Initial rhythm, Bystander CPR and Survival
The initial heart rhythm recorded on the ECG (Electrocardiogram) on arrival of SAS is significant. A patient may have a shockable rhythm (ventricular fibrillation or ventricular tachycardia), treated by delivering an electric shock using a defibrillator, or non-shockable rhythm (asystole or pulseless ventricular activity and bradycardia). The initial treatment and prognosis depends on presenting heart rhythm, with better survival after OHCA with shockable rhythm. In 2017/18, data was available for 93.4% of worked OHCA included in the linked dataset. A shockable initial rhythm was recorded in 25.2% of worked OHCA cases. Figure 4 shows how this compares with previous years.
Figure 4: Proportion of OHCA with shockable initial ECG rhythms
Figure 4: Shows the proportion of OHCA with a shockable initial rhythm (ventricular fibrillation or pulseless ventricular tachycardia) recorded on arrival of the Scottish Ambulance Service 2011/12 to 2017/18. Complete data for 2013/14 and 2016/17 was not available and is omitted.
Whether or not a member of the public performs chest compressions (CPR) on a patient while awaiting the arrival of the ambulance service is the most important modifiable factor determining survival after OHCA. Promoting bystander CPR is a key element of Scotland's Strategy for OHCA. The proportion of OHCA with bystander CPR is therefore a very important metric for tracking progress. In 2017/18 bystander CPR was recorded as taking place on arrival of SAS personnel in 55.5% of cases. Figure 5 below shows the steadily increasing rate of bystander CPR since 2011/12.
Figure 5: Proportion of OHCA where bystander CPR was performed
Figure 5: Shows the proportion of OHCA where bystander CPR was performed prior to the arrival of the Scottish Ambulance Service 2011/12 to 2017/18. Complete data for 2013/14 was not available and is omitted.
Figure 6 shows the proportion of arrests in each SIMD quintile who had an initial shockable rhythm and those who received bystander CPR in 2017/18.
Figure 6: Proportion of worked OHCA with shockable rhythm, bystander CPR, ROSC and 30-day survival for each SIMD quintile in 2017/18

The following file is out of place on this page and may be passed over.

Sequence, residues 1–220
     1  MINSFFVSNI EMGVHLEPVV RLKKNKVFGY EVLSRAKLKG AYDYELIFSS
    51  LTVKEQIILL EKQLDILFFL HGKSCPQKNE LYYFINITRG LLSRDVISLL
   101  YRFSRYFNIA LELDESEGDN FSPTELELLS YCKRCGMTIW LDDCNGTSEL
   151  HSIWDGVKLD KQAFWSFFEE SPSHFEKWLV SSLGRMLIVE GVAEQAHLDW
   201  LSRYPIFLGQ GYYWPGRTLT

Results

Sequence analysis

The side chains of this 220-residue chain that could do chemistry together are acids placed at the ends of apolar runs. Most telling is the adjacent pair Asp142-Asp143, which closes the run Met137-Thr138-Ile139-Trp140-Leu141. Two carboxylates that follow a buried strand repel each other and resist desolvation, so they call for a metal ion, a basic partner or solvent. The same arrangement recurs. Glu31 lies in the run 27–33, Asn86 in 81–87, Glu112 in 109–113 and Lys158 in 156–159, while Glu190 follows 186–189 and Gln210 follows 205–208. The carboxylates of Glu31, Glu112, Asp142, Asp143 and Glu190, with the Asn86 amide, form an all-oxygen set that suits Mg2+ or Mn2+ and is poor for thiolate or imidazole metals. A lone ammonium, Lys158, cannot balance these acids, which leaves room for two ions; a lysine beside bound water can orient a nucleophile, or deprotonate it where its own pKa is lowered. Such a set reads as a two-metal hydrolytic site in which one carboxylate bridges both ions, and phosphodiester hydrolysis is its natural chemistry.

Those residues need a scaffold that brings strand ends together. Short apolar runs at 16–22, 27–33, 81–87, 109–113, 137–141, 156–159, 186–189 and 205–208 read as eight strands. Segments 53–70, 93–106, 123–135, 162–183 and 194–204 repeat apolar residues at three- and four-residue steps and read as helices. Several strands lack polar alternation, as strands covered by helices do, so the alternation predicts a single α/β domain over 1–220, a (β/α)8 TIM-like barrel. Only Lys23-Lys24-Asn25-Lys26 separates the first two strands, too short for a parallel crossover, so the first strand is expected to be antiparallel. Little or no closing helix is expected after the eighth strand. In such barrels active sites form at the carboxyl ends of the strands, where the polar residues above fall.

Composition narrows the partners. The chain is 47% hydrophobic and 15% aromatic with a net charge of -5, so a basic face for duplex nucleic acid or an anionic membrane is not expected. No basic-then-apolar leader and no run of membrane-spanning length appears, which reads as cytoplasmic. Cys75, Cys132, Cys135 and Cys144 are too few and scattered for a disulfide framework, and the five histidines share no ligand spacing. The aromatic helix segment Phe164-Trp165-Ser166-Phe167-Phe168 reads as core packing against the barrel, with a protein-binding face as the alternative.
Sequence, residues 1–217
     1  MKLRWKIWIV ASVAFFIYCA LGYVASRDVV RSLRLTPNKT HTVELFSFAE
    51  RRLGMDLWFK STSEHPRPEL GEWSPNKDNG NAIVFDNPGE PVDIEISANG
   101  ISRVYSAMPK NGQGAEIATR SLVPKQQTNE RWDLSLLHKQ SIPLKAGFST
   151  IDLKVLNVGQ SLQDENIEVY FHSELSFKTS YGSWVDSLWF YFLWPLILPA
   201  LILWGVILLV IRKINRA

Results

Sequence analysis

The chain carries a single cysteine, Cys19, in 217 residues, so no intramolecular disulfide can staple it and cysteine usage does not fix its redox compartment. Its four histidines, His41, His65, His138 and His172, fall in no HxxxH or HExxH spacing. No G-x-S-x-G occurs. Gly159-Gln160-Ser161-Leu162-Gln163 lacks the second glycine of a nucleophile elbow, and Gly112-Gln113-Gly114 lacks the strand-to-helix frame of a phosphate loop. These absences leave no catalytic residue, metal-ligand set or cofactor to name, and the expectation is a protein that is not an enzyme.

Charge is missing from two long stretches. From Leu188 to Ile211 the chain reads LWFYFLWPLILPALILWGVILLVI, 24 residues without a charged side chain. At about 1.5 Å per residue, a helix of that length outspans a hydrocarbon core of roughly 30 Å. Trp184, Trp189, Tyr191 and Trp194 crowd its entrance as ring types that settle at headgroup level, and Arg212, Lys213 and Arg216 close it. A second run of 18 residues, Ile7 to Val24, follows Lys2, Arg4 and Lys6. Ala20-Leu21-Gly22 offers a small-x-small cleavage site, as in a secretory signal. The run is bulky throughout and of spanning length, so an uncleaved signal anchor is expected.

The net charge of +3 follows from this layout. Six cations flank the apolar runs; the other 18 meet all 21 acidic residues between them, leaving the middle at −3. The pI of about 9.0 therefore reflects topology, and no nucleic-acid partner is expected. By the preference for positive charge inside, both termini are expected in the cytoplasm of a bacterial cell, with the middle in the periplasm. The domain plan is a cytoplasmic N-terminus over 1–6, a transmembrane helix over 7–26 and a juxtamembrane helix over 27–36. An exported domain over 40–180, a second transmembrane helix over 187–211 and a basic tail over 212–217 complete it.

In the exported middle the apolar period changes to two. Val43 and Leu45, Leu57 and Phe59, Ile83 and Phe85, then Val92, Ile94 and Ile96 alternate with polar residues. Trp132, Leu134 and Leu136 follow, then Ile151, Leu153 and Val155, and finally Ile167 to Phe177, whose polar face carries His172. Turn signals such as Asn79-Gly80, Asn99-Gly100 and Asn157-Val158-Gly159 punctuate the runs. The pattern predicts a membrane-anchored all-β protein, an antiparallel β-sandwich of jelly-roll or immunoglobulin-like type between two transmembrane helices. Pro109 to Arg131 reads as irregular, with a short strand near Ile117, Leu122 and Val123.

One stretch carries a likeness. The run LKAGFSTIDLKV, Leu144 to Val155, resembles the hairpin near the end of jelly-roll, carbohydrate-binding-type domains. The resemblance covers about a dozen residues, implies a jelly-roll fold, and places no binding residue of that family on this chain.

Figure 6: Shows the proportion of worked OHCA in each SIMD quintile who had a shockable initial ECG rhythm (dark columns) and who received bystander CPR (stacked lighter columns) in 2017/18.
ROSC and Survival
The key clinical outcome after OHCA is patient survival. This can be expressed in a range of ways. An important intermediate measure is Return of Spontaneous Circulation (ROSC). Definitions for ROSC vary. The Scottish Ambulance Service records ROSC if a patient regains a palpable pulse which is sustained until arrival at the Emergency Department. This is sometimes referred to as 'survival to hospital' or 'number of hearts restarted'. ROSC does not equate to survival. In this document we report an overall ROSC rate for OHCA, including shockable and non-shockable rhythms.
The definition of 'survival' used in this report is survival to 30 days after OHCA. We have defined survival as the proportion of worked OHCA where patients were still alive at 30 days. It is important to note that worked arrests which were not linked to outcome data have been assumed to be deaths and included in the denominator when calculating survival rates. This approach was taken deliberately to avoid over-inflation of survival figures, and is not universally adopted by groups reporting OHCA data. A more detailed discussion of the methodology we have used can be found here . In 2017/18 ROSC occurred in 23.3% of cases, while 8.3% of OHCA patients survived to 30 days. This is shown in Figure 7.
Figure 7: Proportion of worked arrests which had ROSC, and the proportion of people who survived to 30 days after OHCA
Figure 7: Shows the proportion of OHCA where the patient had a pulse on arrival at hospital (ROSC), and the proportion of OHCA patients who were alive at 30 days, 2011/12 to 2017/18. Complete data for 2013/14 was not available and is omitted.
Number of OHCA Survivors per million of the population
Another method of describing survival after OHCA is to measure the number of 30-day survivors per million of the population. The advantage of this approach is that it measures the actual number of survivors, and is less susceptible to variations in data interpretation which can skew the 'worked arrests' denominator when calculating the proportion of worked OHCA who survive to 30 days. Population figures for this calculation are derived from mid-year estimates from National Records of Scotland. Figure 8 shows the 30-day survival per million of the population and reported bystander CPR rates for all worked arrests from 2011/12 - 2017/18. Figure 8 has also been annotated to show key milestones in improving the Chain of Survival in Scotland, including the launch of the OHCA Strategy in March 2015.
Figure 8: Number of 30-day survivors after OHCA per million of the population and proportion of OHCA receiving bystander CPR
Figure 8: Shows the number of 30-day survivors per million of the population (dark blue line) and the rate of bystander CPR 2011/12 to 2017/8 (light blue line). Complete data for 2013/14 was not available and is omitted.
Email: Guy McGivern
There is a problem
Thanks for your feedback